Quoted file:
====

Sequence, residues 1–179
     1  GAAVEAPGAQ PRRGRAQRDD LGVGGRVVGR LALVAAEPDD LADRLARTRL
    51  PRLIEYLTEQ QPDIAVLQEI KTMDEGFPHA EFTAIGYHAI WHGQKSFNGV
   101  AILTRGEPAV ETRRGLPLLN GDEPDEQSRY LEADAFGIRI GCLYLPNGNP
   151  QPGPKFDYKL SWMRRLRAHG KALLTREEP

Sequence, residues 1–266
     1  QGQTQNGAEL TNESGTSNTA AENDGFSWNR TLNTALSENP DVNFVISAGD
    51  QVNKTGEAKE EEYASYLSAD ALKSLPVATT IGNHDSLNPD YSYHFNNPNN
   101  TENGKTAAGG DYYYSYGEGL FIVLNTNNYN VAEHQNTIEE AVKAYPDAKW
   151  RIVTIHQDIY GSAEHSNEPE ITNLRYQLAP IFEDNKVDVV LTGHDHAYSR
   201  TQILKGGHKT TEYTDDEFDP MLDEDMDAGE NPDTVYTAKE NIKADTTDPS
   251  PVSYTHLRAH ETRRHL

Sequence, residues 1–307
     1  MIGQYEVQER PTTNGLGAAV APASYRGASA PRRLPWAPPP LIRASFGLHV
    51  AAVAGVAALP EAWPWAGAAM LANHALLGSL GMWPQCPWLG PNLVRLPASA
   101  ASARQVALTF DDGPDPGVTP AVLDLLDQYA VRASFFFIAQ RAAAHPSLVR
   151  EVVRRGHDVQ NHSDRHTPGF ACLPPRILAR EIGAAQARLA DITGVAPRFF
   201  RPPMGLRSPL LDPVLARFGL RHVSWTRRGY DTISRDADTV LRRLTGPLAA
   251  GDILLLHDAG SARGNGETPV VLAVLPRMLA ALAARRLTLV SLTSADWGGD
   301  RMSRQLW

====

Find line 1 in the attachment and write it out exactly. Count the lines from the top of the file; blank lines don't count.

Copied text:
Sequence, residues 1–179